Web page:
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Shanghai targets COVID lockdown exit in June as Chinese economy slumps

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SHANGHAI/BEJING — Shanghai on Monday unveiled plans for ending a painful COVID-19 lockdown that has lasted more than six weeks and severely hurting China’s economy and for returning to more normal life from June 1.

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In the clearest timetable yet, Deputy Mayor Zong Ming said Shanghai will gradually reopen, with movement restrictions largely in place until May 21.

“From June 1 to mid and late June, as long as the risk of infection resurgence is under control, we will fully implement epidemic prevention and control, normalize management, and fully restore normal production and life in the city” , she said.

However, the announcement drew skepticism from some Shanghai residents, who have been repeatedly disappointed by the postponement of the timetables for lifting restrictions.

“Shanghai, Shanghai… do you want me to believe you?” a member of the public said on social media platform Weibo.

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The full lockdown of Shanghai and COVID restrictions on hundreds of millions of consumers and workers in dozens of Chinese cities have caused economic pain across a range of sectors and fueled fears the economy could contract in the second quarter.

The restrictions, increasingly at odds with the rest of the world, which has lifted COVID rules despite the spread of infections, are also sending shockwaves through global supply chains and international trade.

Data on Monday showed that China’s industrial production and retail sales fell at the fastest pace in more than two years in April, missing expectations.

The latest data has been dismal, with catering sales down 22.7%, home sales by value plummeting 46.6% and auto sales plummeting 47.6%.

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In Shanghai, China’s most populous city with 25 million people, no cars were sold last month, data showed, as dealerships were closed. China Eastern Airlines, which is based in the city, said passenger numbers fell 90.7% in April from a year earlier.

According to analysts, Chinese economic activity is likely to have improved somewhat in May and the government and central bank are expected to implement further stimulus measures to speed things up.

However, given China’s uncompromising “zero-COVID” policy, the strength and durability of any recovery are uncertain.

“The data paints a picture of a faltering economy in need of more aggressive stimulus and rapid easing of COVID restrictions, both of which are unlikely to come anytime soon,” said Mitul Kotecha, an analyst at TD Securities.

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The data overshadowed Shanghai reopening plans and pushed Chinese stocks lower.

In Beijing, the detection of dozens of new COVID cases a day over the past three weeks shows how difficult it is to clean up even small outbreaks.

The capital has not imposed a city-wide shutdown, but has tightened curbs enough that road traffic levels have been similar to those in lockdown Shanghai over the past week, according to data tracked by Chinese internet giant Baidu.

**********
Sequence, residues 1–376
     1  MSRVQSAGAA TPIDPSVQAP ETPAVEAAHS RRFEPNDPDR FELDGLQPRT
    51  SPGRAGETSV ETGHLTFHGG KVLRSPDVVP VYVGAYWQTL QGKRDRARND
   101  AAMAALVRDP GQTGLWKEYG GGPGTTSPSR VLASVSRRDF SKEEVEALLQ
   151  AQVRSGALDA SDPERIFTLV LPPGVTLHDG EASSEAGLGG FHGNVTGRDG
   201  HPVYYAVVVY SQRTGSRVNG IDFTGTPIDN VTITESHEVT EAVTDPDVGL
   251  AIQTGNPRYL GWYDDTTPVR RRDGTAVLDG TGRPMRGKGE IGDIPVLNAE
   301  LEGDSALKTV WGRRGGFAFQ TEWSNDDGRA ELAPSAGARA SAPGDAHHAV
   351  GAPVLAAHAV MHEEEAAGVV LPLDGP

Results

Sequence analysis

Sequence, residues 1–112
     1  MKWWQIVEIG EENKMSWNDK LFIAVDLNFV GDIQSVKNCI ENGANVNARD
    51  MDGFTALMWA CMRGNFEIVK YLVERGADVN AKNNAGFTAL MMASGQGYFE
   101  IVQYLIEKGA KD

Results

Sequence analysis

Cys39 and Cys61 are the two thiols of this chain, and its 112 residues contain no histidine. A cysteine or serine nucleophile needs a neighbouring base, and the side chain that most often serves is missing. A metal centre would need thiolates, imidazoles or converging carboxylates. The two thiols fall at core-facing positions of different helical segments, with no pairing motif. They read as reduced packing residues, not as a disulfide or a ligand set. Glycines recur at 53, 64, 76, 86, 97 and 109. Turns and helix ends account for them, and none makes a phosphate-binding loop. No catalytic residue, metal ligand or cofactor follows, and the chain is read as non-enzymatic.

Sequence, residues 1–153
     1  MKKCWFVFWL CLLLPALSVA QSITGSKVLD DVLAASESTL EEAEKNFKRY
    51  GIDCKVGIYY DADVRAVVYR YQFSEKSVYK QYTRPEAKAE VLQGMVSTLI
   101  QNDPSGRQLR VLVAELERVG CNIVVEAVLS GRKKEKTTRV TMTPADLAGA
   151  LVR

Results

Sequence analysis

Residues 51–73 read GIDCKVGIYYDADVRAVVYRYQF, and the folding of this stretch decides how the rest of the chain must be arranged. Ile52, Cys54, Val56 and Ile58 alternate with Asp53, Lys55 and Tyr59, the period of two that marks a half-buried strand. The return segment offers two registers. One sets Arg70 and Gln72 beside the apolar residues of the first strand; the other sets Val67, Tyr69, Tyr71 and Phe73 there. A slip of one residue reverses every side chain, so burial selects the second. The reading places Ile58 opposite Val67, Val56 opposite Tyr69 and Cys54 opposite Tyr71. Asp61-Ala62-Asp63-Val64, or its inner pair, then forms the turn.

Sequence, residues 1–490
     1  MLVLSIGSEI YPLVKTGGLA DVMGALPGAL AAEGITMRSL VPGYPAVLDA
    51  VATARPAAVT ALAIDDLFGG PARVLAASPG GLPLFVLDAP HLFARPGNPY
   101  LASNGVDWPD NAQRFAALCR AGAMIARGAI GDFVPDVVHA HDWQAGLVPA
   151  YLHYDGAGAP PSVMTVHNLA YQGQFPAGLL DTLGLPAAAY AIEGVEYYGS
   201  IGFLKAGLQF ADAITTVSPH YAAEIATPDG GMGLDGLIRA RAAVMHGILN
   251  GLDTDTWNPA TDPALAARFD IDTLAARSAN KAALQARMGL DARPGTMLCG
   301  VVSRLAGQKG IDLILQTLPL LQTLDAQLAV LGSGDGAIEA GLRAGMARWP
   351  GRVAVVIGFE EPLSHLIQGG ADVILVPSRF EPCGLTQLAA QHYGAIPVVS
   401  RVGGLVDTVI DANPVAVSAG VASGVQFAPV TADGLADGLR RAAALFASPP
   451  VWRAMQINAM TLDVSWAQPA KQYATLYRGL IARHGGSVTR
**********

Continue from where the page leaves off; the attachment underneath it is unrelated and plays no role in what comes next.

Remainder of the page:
Meal services are banned, public transport restricted and many residents have been advised to work from home.

A woman surnamed Zhang, who runs a shop selling jianbing pancakes, a popular street food, in front of one of Beijing’s closed subway stations, said her daily sales are from 2,000 to 3,000 yuan ($570) at just still down 100-200 yuan (US$38).

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“Don’t we have to pay the rent as usual? You see a lot of small businesses have closed,” she told Reuters on Monday from her empty, dimly lit shop.

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In Shanghai, the deputy mayor said the city will start reopening supermarkets, convenience stores and pharmacies from Monday, but restrictions on movement must remain in place until at least May 21.

Starting Monday, operators will gradually restore train services and domestic flights, she said. Bus service will gradually resume from May 22, but people must present a negative COVID test within 48 hours to use public transport.

During Shanghai’s lockdown, authorities have repeatedly dashed hopes of an end to the ordeal. The lockdown was originally only supposed to last until April 5 when it was introduced on March 27.

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Last week many condominiums received notices that they would be in “silent mode” for three days, which usually means they cannot leave the house and in some cases no deliveries will be made. Another message then said that the period of silence would be extended to May 20th.

“Please don’t lie to us this time,” said another Weibo user, adding a crying emoji.

Shanghai reported fewer than 1,000 new cases as of May 15, all indoors under tight controls.

No new cases were found for the second straight day in relatively clearer areas monitored to gauge progress in eradicating the outbreak.

A third day would normally mean that “zero COVID” status has been reached and restrictions can be gradually eased. Fifteen of the city’s 16 counties had achieved “zero COVID”.

Beijing on Monday reported 54 cases for the previous day, up from 41 the day before.


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